The French island of Corsica has a long history in food. Even in ancient times, it was an important trading post for Mediterranean produce and, in 1584, the Genovese governor decreed that all landowners should plant an olive, fig, mulberry ,and chestnut tree each year. Today, food continues to play a key role in the island’s economy through tourism and substantial exports of sausage, cheese, honey and wine. It’s worth pointing out that if you’d like to visit Corsica for its food, it’s a good idea to rent a car. The public transport system is very limited, with few options for getting from the small airports to your accommodation.
Typical Corsican food is hallmarked with French and Italian influences. Charcuterie made from pig and boar, such as lonzu, coppa and figatellu, is very popular. Canistrelli are Corsican pastries that come in a range of savoury flavours. For an accompanying beverage, there are several local beers worth trying. Columba and Pietra have a very distinct taste. The island even has its own soft drink – a form of cola. Most dishes are accompanied by pasta or polenta with regional specialities, such as wild boar casserole (civet de sanglier), veal with olives, and Corsican lamb slow-roasted with potatoes, all appearing on the island’s menus. Seafood is readily available along the coast but can be expensive. Trout from the inland rivers and lakes is a good alternative. Chestnuts are used in many of the desserts, such as beignets, which are doughnuts, sometimes filled with cheese. Fiadone is chestnut cheesecake, while chestnut tart is another favourite with locals and tourists alike.
Where to eat
When it comes to sampling the local fare, you’ll be spoiled for choice. Lunch is when many locals will have their main meal, sitting down to several courses accompanied by a few glasses of a regional wine. U Santa Maria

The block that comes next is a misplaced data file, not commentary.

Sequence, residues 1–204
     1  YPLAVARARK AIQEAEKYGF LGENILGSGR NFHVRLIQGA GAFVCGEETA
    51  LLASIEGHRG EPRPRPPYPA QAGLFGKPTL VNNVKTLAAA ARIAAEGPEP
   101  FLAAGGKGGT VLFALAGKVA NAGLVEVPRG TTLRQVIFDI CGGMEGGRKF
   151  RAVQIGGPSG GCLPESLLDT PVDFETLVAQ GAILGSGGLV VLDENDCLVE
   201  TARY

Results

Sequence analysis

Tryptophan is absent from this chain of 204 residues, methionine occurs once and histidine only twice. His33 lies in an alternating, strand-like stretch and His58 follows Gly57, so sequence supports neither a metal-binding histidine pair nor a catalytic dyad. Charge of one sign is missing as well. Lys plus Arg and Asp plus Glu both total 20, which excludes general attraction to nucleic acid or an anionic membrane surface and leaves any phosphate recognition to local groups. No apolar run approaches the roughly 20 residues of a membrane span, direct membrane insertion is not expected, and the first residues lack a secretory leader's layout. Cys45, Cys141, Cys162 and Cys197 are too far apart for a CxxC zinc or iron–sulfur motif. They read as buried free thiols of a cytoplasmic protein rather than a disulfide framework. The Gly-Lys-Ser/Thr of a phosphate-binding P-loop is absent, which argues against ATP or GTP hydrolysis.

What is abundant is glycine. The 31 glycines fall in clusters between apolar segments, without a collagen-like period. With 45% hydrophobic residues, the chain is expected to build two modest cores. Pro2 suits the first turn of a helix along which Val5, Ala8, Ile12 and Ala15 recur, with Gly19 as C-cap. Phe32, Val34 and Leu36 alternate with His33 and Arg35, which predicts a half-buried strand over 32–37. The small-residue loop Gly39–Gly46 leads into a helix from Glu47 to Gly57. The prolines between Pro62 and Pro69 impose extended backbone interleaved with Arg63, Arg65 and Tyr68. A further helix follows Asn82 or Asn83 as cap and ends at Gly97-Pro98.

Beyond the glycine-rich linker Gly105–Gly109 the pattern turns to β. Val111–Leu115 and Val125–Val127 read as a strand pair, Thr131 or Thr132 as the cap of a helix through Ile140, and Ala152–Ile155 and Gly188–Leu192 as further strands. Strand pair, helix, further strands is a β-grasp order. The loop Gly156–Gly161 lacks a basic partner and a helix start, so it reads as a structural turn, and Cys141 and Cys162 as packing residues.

in Porto-Vecchio is a good place to start your gastronomic food tour. And not just for the fantastic view from the covered terrace! Julien Marseault is one of the most renowned chefs on the island, serving beautifully presented seafood, as well as traditional dishes. This is not a place for those on a budget, however.
In Ajaccio, you’ll find Restaurant 20123
which styles itself as “the village within the town.” – This is certainly one of the more traditionally Corsican restaurants, set in a farmhouse with live folk music. The former capital of Corsica, Corte, in the centre of the island, also has much in the culinary area to recommend it. It is worth a visit for an informal evening meal at A Scudella in the town’s busy live square. This little eatery offers high quality pizza and pasta at excellent prices.
Also in Corte is Auberge de la Restonica
for more traditional fare and excellent local wine. By the harbour in Bonifacio, you’ll come across the intriguingly named Kissing Pigs Restaurant. Great local food and wines, a romantic atmosphere and live music on most nights make this restaurant a big hit, so it’s advisable to book in advance. At the northernmost tip of Corsica, U Formu
in Calvi is set back from the busy harbour and offers creative Corsican food. The set menu here offers excellent value. With Corsica, the best way to experience its cuisine is to travel round. But, wherever you go, you’ll be spoilt for choice.